Conformity and sameness are bad for you

3rd October 1997 at 01:00
Classrooms are organised in a way that leads to conformity, sameness and fragmentation, a leading curriculum expert says. Margaret McGhie, assistant director of the Scottish Consultative Council on the Curriculum, says organisational weaknesses prevent links across the curriculum and compartmentalise individual subjects.

"Maths is as much about patterns as calculations, modern languages is as much about other environments and cultures as it is about language, communication is as much about the expressive arts as it is about reading and writing," Ms McGhie told the eco-school conference in Giffnock last week.

She urged schools to "make connections" so that all significant learning experiences are taken into account and are given equal value, including those encountered out of school. Teachers are learners too, Ms McGhie said.

Connections between learning and what happens in the playground, staffroom and headteacher's study were also an important factor in pupils' learning.

Ms McGhie listed the essential experiences to which pupils should be exposed in all classes and subjects: feeling valued, sharing responsibility, working co-operatively and independently, and experiencing a sense of achievement. Staff, from janitors to heads, also require these experiences.

Schools should see themselves as engaged in a moral endeavour, Ms McGhie suggested. This involves the promotion of fairness, justice, caring and respect for self-worth as well as the worth of others. But, she said, this required schools to move from being organised as networks rather than hierarchies.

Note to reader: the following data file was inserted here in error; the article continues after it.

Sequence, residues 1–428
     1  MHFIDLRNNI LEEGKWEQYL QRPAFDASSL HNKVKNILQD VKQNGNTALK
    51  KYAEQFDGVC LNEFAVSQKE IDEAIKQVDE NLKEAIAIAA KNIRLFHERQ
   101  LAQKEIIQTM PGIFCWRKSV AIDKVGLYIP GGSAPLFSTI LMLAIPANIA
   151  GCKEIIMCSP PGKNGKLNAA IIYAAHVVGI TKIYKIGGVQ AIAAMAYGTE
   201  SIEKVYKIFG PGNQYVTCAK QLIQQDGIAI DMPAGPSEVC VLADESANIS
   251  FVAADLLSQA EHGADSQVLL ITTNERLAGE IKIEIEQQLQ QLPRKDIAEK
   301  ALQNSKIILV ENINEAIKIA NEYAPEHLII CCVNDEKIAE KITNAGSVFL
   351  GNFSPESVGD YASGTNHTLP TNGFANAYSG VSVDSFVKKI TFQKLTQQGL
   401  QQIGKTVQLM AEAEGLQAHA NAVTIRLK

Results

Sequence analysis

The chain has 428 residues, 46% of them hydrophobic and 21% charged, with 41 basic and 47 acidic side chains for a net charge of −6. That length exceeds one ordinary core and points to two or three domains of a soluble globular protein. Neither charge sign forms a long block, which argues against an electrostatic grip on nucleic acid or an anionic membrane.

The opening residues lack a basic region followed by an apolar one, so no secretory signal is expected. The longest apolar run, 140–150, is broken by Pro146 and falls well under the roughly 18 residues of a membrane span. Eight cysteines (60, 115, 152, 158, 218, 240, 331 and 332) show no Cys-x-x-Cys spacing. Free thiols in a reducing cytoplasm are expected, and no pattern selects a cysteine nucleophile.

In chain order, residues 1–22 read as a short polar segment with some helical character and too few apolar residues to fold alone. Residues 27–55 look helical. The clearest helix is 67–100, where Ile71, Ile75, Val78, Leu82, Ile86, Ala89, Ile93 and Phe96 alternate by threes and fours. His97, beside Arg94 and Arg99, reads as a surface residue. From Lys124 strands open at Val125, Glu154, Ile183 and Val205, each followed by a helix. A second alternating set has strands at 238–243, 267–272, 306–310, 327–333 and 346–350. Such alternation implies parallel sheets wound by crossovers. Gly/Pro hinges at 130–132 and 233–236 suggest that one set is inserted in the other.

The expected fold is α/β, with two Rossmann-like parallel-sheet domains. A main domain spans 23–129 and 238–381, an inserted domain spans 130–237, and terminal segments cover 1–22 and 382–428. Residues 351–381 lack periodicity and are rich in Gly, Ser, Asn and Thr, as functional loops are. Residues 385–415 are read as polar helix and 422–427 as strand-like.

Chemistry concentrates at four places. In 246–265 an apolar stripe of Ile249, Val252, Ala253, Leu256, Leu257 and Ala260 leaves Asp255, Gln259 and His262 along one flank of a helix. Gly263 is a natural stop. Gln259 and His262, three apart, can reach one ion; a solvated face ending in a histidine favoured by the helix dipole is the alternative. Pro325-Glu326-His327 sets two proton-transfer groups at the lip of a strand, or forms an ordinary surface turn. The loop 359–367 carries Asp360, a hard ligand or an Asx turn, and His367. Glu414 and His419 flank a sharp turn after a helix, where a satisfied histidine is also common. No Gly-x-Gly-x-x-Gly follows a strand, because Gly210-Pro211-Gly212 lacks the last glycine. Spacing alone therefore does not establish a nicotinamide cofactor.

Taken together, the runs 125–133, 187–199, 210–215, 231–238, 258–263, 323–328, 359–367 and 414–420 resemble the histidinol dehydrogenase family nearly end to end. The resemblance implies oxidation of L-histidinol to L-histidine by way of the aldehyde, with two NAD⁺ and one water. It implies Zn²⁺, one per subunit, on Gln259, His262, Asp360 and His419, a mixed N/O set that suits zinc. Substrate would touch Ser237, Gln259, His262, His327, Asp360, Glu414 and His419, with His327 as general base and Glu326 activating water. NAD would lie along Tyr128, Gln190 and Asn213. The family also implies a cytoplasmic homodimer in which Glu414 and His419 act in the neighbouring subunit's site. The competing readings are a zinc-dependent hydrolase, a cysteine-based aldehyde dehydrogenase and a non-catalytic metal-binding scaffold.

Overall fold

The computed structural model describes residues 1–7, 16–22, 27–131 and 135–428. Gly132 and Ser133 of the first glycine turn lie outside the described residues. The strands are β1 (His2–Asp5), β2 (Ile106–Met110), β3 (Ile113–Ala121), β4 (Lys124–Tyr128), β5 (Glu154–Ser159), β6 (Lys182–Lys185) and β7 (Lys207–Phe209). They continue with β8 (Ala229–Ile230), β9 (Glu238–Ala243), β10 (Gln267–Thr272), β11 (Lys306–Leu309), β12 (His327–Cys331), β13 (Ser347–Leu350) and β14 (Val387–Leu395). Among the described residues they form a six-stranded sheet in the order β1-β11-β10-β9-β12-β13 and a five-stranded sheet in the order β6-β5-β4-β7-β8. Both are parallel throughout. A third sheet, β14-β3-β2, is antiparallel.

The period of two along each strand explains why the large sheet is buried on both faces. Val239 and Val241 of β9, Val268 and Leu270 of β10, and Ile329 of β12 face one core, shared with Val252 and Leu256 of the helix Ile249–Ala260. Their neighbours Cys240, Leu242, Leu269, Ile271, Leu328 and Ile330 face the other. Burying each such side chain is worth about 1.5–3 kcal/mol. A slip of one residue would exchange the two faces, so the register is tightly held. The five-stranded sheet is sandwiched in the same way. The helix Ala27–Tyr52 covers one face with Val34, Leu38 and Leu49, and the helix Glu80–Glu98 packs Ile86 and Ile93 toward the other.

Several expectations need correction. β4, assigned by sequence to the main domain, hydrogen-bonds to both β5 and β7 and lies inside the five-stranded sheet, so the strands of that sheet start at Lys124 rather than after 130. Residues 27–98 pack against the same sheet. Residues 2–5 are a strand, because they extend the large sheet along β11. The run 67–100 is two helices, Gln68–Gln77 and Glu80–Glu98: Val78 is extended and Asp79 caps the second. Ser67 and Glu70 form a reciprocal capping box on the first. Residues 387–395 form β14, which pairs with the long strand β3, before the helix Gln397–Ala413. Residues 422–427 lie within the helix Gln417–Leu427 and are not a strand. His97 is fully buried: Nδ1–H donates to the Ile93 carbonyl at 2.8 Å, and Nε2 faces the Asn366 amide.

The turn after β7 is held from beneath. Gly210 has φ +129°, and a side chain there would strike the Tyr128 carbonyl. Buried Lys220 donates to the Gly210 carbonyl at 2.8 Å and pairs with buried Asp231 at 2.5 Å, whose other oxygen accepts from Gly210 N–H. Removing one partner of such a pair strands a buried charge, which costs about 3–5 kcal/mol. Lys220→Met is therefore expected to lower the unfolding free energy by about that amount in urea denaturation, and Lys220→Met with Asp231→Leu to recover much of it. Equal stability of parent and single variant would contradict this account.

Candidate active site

Ian Smith, development fellow at the curriculum council, urged schools to tackle the gaps between what is known about how people learn and what is done in practice, and between what teachers want young people to learn and what they absorb.

Mr Smith, the man behind the council's acclaimed guide on Teaching for Effective Learning, called on teachers to be more aware of recent develoments in neurology. Among other benefits, this would help identify pupils' potential for learning.

He said: "School improvement requires to start where schools are, which means creating the right conditions and dropping the anti-teacher mentality of recent years. Teachers certainly need to be challenged. But they also badly need to be supported."

The key principles in Teaching for Effective Learning are:

* Teachers are important and make a difference.

* There is considerable agreement about what constitutes effective teaching, and it is practised by people who can be very different from one another.

* The ability to establish and maintain good quality relationships is central to effective teaching.

* Knowing what kind of people your learners are, and having some understanding of what they are thinking.

* Effective teaching involves talking regularly with learners about their learning, and listening to them.

* Teachers' own preferred ways of learning tend to affect the ways in which they teach.

* Teachers have both the right and the responsibility to develop a climate in the classroom which supports effective learning, (which) involves maintaining order without undermining learners' self-esteem.

* Effective teaching involves effective organisation and management, but no single style of approach to classroom organisation is best.

* Effective teaching involves being knowledgeable about what you are teaching but also looking for links across topics and subjects.

* Successful schools have a culture which encourages and supports teachers to reflect on their purposes and principles as well as their practices, and helps them to work together to improve these practices.

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